Modeling large-scale biocide transfer to urban groundwater
- 1Hydrology, Faculty of Environment and Natural Resources, University of Freiburg, 79098 Freiburg, Germany
- 2Institute of Earth and Environmental Sciences, Faculty of Environment and Natural Resources, University of Freiburg, 79104 Freiburg, Germany
Biocides used as film protection in paints and renders wash off from facades and enter the urban water cycle. They can also reach urban groundwater, diffusely or at specific locations via urban stormwater infiltration systems (SIS). Up to now, there is limited knowledge to estimate biocide input to urban groundwater at larger scales. This study focuses on an urban area of 38ha and models biocide input to groundwater, including SIS. The aim is to determine preferential input locations, SIS retention capacities, transport and degradation of biocides in the saturated zone. The study area is located in southwestern Germany in the city of Freiburg. Due to a contamination site with chlorinated hydrocarbons (CHC), numerous urban groundwater monitoring wells exist. Hence existing monitoring data is substantial, including groundwater levels, biocide and CHC samples over a time period of at least seven years. The biocide terbutryn is chosen as a model biocide, as it is commonly used in paint and renders and was previously detected in the study area. The present study uses a model chain to reproduce biocide emission and transfer. First, terbutryn leaching is estimated using the model COMLEAM. Then, the urban water balance and groundwater recharge are calculated by the model Roger_WB_Urban. Coupling the estimated terbutryn emissions with groundwater recharge patterns provides an estimation of terbutryn inputs to groundwater over time. This pattern is finally used as input for a groundwater model (MODFLOW), which is calibrated with the help of the CHC plume development. First model results confirm groundwater monitoring data and indicate that retention capacities of the investigated SIS are limited, mainly because of shallow groundwater levels. This is reflected by simulated terbutryn concentrations in groundwater which are apparently higher downgradient of the SIS. However, also other input pathways exist. Overall, our model chain helps to understand biocide emission and transfer pathways in urban environments at larger scales and stresses the fact that measures to prevent groundwater contamination are most efficient at the source.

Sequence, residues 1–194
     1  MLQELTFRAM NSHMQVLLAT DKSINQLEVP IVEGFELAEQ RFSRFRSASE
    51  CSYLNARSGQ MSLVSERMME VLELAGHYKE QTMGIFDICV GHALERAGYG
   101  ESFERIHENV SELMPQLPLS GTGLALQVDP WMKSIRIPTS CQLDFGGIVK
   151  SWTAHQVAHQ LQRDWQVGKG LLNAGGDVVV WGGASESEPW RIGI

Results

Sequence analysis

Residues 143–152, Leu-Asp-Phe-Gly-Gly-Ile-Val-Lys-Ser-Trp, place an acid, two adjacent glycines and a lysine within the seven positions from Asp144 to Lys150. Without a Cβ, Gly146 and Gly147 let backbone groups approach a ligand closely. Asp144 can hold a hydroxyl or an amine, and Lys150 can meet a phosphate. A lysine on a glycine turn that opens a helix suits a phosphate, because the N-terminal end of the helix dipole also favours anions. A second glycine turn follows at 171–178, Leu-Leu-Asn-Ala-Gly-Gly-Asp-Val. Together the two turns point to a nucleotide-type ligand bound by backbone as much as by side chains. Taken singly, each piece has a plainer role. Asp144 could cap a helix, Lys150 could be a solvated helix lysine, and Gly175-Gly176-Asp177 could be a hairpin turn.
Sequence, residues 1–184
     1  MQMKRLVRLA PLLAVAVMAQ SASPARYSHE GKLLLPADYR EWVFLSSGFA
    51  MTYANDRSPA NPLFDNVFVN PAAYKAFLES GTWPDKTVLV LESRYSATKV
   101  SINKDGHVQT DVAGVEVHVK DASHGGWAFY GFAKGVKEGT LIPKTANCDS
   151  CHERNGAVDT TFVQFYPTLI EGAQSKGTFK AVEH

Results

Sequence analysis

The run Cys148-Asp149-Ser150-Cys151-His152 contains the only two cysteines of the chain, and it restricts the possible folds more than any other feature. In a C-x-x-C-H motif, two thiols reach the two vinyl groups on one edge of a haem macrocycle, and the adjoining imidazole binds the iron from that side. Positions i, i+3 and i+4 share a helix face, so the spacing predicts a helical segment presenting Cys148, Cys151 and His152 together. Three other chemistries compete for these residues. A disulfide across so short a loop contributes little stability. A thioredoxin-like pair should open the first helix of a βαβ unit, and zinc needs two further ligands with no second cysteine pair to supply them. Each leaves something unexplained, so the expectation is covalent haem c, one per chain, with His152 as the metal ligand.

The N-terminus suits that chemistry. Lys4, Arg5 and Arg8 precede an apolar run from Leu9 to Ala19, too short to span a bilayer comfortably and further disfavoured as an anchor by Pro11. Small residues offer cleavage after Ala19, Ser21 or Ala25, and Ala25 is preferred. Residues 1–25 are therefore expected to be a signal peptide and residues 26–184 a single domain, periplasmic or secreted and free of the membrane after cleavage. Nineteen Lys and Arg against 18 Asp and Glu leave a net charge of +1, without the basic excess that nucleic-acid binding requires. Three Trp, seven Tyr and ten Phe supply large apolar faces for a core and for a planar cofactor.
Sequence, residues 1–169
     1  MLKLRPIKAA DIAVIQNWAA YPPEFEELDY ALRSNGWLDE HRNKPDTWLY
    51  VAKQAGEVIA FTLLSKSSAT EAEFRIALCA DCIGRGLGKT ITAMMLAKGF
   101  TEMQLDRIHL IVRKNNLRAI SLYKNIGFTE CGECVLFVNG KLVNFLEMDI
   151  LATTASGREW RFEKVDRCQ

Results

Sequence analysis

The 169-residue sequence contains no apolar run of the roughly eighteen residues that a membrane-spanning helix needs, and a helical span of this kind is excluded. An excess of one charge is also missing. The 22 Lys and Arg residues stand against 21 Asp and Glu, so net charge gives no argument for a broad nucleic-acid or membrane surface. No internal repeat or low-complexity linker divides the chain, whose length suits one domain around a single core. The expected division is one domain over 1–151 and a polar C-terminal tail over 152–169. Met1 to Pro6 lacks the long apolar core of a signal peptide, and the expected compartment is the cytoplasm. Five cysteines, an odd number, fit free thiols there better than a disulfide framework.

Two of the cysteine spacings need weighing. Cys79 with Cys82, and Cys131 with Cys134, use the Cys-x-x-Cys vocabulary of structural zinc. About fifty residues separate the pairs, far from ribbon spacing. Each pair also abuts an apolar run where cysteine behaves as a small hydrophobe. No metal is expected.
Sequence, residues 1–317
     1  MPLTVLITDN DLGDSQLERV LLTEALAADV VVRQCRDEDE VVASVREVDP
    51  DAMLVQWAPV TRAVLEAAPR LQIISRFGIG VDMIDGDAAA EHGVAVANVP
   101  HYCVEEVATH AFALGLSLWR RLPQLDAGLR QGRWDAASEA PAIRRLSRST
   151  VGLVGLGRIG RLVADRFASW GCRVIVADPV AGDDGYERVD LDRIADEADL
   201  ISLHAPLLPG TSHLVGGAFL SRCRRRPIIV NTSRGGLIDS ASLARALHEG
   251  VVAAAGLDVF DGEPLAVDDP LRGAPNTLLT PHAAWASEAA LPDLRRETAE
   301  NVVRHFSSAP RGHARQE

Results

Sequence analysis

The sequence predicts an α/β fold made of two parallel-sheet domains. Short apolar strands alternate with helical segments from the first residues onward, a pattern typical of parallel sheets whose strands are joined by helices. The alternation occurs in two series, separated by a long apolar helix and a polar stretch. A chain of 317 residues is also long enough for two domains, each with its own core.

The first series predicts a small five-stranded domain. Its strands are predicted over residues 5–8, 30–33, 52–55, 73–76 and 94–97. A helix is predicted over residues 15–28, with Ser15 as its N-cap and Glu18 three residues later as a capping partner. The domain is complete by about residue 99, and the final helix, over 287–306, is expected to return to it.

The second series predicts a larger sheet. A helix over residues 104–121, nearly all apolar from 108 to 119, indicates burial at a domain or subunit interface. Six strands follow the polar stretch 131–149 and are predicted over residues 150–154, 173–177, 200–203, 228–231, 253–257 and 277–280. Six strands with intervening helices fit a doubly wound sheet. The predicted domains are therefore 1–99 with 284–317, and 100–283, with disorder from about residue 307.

How to cite: Linke, F., Zimmermann, F., and Lange, J.: Modeling large-scale biocide transfer to urban groundwater, EGU General Assembly 2023, Vienna, Austria, 24–28 Apr 2023, EGU23-11841, https://doi.org/10.5194/egusphere-egu23-11841, 2023.